Except that it’s really not that big of a deal. Come on: “to go boldly where no man has gone before” just doesn’t have the same ring to it as “to boldly go.” If it sounds better to split the infinitive, then take an axe to it!

Don’t cling to the ancient rules just because your high school English teacher told you to. Be a rebel and break free of these nonsensical shackles!

Though I usually try to adhere to the grammatical rules I have been taught while both speaking and writing, sometimes this rule is appropriate to break. “Boldly to go” doesn’t have the same ring to it as “to boldly go…”

Though our English teachers would like us to think that all these rules were handed down to Moses like The Ten Commandments, they were not. And except for a few self-important grammarians, most people understand that sometimes rules can be broken…or at least bent!

The important thing is for what you have written to convey the intended message with as little chance of misinterpretation as possible.

How ’bout it?

The Communications Factors: Mastering the Apostrophe

November 15, 2007

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When using The Communications Factors to brand yourself, there must be a basic understanding of grammatical rules, and especially of the apostrophe. The most basic use of the apostrophe is to form a contraction. Take for example the word cannot. Using the apostrophe it forms the word can’t. Simple enough.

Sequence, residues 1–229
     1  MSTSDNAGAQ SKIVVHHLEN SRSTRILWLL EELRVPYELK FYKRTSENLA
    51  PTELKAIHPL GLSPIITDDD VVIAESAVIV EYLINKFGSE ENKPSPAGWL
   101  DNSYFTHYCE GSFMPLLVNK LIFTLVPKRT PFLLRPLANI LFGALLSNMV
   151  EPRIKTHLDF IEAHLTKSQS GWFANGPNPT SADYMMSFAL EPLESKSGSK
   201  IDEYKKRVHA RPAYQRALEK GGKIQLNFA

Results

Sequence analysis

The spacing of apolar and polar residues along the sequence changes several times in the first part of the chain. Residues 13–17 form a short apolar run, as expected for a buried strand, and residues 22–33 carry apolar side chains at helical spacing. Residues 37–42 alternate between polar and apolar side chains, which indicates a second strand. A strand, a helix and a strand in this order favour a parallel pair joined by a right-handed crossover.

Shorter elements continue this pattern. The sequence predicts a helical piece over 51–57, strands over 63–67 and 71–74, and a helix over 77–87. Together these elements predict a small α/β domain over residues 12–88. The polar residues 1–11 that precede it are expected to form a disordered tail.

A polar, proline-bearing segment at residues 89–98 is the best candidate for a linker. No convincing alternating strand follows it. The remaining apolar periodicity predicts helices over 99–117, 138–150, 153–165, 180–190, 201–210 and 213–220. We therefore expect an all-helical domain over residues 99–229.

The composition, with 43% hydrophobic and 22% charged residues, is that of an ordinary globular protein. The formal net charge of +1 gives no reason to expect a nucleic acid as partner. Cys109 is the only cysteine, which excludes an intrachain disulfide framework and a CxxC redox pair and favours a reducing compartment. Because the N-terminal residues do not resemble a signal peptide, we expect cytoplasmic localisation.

Besides taking the place of omitted letters, the apostrophe is also used to show possession. The back of Mark becomes Mark’s back. Again, simple enough. But what about words like Thomas, Moses, or Jesus? Is it Thomas’s back, Moses’s Laws, or Jesus’s name? Traditional thoughts taught that if you were speaking of a proper name ending in -s with more than two syllables, you were to add only the apostrophe to show possession. Therefore, if Frances had a friend, it should be written Frances’ friend. However, the new philosophy is that it is up to the individual person. This means if Thomas prefers to have people call them Thomas’s English Muffins, then that’s what it should be.

The 2007 AP Stylebook states that with singular proper names ending in S, only an apostrophe is appropriate: Achilles’ heel, Agnes’ book, Ceres’ rites, Dickens’ Novels, etc…

So when writing about the works of Charles Dickens, make sure you make it Dickens’ works and not Dickens’s. If someone corrects you, affect your snobbiest accent and say, “Actually, the AP Stylebook argues otherwise, my friend.” Check out this link to fully appreciate the meanings of punctuation marks!

An Exception:

The most troublesome use of the apostrophe is regarding the word IT. To show possession, write its without the apostrophe: its bowl, its seat, its bed, etc. The addition of an apostrophe to the word its,completely changes the word and thereby shows that you have not yet mastered the rules of grammar. Remember that the apostrophe allows for the omission of letters? When it is followed by an apostrophe s, it can be read it is! So if you’re writing about the dog’s bowl, you should write its bowl, and not it’s bowl.

Making this heinous error could cost you the respect of your peers or worse, of business colleagues.

How ’bout it?